Sunday, January 24, 2021

Street Sign Language Lesson XXXIV – Fried Dough, Lies, and Gossip

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Chiacchiere at Forno Fassi.
Chiacchiere at Forno Fassi.

Today's Street Sign Language Lesson ™ is about the fried dough treats we call "angel wings" in English. Soon after Epiphany passes (in Italy a significant holiday), these fried dough treats start appearing stores and bakeries.

Angel wings are fried dough (flour, water, egg, butter), shaped into twisted ribbons or flat strips that are deep-fried or baked, and served sprinkled with powdered sugar. Angel wings are eaten before Lent. The name "angel wings" can be assumed to refer to the lightness of these fried treats?

In Italy, there are many different regional names for angel wings, loosely based on two naming themes in my opinion. Theme one is what they look like, e.g., rags (stracci or cencio), gloves (guanti), bow or ribbon (galano) or lettuce (lattughe). Theme two perhaps refers to carnival or perhaps to that the fact that the final treats are not as heavy as they look? Names in this theme are chitchat (chiacchiere), lies (bugie), and gossip (pettegolezzi).

The company featured in many of these photos is Gecchele and they are based in Treviso. What the company has done is taken a few of the many region names – see here for more – and paired them with and characters from the commedia dell'arte.

Full disclosure: we did not buy any of the packaged examples. Why would we when they are so easy available, reasonably priced and fresh from a local bakery? The photo at the top of this post was taken at the bakery Forno Fassi (Città Alta). In Bergamo, we usually see the word chiacchiere used the most.

The types of chiacchiere you can find in stores is more that what is shown here. This is just a sample from one day we went shopping at PAM.

Bugie di Brighella

Bugia (pl. bugie) is a lie or a candlestick holder. Brighella is a masked character from the Italian theater style of commedia dell'arte. As we see on the packaging, Brighella typically wears a white smock. His character the Harlequin's smarter and vindictive older brother.

The term bugie is typical of Piemonte, Liguria.

Bugie di Brighella

Chiacchere di Balanzone

Chiacchiera (pl. chiacchiere) means a regional Italian sweet, but also means chit-chat or gossip. The associated verb is chiacchierare. Balanzone is another commedia dell'arte stock character. He is the old man, acting as an obstacle to young lovers. As seen on the packaging, Balanzone is usually pictured as a robust man.

The term chiacchiere is used all over Italy, but mostly from the middle to the south.

It is odd that the packaging (and the web site – no typo it seems) uses "chiacchere" without the second letter I.

Chiacchere di Balanzone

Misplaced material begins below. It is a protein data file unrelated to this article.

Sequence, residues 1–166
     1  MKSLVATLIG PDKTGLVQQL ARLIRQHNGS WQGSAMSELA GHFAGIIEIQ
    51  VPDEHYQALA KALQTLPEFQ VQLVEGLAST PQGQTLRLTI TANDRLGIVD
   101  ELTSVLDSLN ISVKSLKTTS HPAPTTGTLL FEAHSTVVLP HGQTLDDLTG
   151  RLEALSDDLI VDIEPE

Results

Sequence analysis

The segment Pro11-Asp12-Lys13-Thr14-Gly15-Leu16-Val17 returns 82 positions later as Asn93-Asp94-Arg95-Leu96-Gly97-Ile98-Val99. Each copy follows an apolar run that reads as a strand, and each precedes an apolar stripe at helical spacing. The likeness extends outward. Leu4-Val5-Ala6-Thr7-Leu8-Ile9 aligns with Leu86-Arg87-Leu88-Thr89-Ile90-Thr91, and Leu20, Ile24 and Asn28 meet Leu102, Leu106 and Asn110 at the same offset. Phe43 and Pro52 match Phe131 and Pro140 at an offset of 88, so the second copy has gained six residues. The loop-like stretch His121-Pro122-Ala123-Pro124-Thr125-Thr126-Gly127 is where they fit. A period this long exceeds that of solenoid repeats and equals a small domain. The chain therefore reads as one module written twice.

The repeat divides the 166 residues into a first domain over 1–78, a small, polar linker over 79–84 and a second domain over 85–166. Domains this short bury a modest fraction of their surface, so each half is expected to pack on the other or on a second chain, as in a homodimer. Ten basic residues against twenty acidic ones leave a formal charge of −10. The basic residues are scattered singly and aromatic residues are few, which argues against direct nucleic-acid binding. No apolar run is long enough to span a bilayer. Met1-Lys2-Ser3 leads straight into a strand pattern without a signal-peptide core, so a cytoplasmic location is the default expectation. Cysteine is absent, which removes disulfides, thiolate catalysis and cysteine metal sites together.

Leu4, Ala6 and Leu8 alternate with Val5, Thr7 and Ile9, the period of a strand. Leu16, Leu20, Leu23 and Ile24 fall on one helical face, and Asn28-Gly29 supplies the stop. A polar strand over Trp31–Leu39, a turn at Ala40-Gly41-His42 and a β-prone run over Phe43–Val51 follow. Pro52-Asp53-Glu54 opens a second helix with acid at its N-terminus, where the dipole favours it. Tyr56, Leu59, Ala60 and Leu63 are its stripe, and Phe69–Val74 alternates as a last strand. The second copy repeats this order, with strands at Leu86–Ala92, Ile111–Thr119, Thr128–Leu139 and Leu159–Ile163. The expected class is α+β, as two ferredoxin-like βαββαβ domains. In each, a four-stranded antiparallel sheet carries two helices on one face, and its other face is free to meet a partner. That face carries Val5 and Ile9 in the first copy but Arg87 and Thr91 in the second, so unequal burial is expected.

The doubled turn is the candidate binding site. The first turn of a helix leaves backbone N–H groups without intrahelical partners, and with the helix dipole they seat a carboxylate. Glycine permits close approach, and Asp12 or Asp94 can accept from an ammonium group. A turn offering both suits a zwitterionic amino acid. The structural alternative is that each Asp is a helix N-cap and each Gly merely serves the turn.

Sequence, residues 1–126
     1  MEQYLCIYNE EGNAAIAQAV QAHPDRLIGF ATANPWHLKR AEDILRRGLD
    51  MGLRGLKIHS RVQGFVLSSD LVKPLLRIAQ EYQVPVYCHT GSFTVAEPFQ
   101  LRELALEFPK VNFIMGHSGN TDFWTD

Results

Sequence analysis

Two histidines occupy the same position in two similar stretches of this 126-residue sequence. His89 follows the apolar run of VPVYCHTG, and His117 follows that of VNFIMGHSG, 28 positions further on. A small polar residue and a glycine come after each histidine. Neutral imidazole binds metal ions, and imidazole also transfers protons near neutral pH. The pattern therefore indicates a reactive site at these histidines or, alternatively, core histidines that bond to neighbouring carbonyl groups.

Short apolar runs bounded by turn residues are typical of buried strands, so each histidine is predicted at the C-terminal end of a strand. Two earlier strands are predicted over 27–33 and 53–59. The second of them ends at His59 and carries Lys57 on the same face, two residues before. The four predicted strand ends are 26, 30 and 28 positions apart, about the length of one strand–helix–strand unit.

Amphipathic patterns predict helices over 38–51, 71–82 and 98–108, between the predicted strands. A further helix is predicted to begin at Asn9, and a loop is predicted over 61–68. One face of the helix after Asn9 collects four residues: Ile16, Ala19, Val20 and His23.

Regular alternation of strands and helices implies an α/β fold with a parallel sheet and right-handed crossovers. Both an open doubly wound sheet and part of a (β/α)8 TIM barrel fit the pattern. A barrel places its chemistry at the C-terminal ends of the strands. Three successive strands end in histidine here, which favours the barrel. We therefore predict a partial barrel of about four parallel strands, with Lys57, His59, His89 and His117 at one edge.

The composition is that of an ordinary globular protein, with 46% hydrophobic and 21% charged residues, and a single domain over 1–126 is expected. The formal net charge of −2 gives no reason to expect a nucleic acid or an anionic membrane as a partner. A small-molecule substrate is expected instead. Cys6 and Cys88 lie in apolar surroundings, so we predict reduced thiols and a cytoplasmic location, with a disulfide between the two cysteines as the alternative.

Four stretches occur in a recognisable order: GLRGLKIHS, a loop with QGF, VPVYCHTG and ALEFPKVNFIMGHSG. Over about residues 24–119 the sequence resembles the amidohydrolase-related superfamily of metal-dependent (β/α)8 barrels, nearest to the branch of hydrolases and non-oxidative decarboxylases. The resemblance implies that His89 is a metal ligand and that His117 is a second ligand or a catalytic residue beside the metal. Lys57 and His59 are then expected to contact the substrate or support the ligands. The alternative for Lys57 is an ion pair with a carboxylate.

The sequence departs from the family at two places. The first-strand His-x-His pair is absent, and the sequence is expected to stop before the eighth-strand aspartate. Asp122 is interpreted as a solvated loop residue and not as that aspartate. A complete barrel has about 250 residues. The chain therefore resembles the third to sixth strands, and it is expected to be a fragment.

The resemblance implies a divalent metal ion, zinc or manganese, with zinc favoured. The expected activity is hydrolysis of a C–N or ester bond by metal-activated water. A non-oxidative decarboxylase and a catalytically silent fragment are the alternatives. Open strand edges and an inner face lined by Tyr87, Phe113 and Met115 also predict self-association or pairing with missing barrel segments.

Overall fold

Burlette di Gianduia

Burletta (pl. burlette) is a little joke. Gianduia (or Gianduja) "is one of the masks of the Italian commedia dell'arte, typically representing the town of Turin". Gianduja is also the name of the famous chocolate spread, such as nutella, invented in Turin at the beginning of the 18th century. Gianduia, the character, is an honest peasant with an penchant for wine, good food, and beautiful woman.

Burlette di Gianduia

Pettegolezzi di Colombina

Pettegolezzo (pl. pettegolezzi) is gossip.  Colombina – "little dove" is a stock character in the Commedia dell'arte. She is a tricky servant.

Pettegolezzi di Colombina

Galani dei Dogi

The term galàni is used in the area between Venice, Padua and Verona. Galano is a decorative bow or ribbon. A doge (pl. dogi) where elected heads of some Italian city-states during the medieval and renaissance periods. The word doge is closely associated with Venice, and in fact on the packaging of this product there is the unmistakable Campanile di San Marco in Venice.

Galani dei Dogi

I Quadri di Arlecchino

Arelecchino is a famous masked Bergamasco character in the commedia dell'arte. In English, we call him Harlequin and he is the comical servant dressed in a bold checkered (a quadri) outfit.

I Quadri di Arlecchino

Mascherina Trevisan

Mascherina means a face mask, which could be a face mask we are using currently during the pandemic, or an eye or half mask used as part of a costume such as used during carnival.  Trevisan is just the name of the company producing these angel wings.

Mascherina Trevisan

Lattughelle

Lattuga means lettuce. Lattughella (pl. lattughelle) is either the salad green lamb's lettuce or mâche (Valerianella locusta), known for its nutty, mild flavor. It's commonly found in Bergamo as a salad green. The guess here is that the shape of the fried dough resembles lettuce leaves.

Lattughelle

Coriandoli Fritti

Corandiolo is confetti or little chads. Fried (fritti) confetti just doesn't have a nice ring to it, does it?

Coriandoli Fritti














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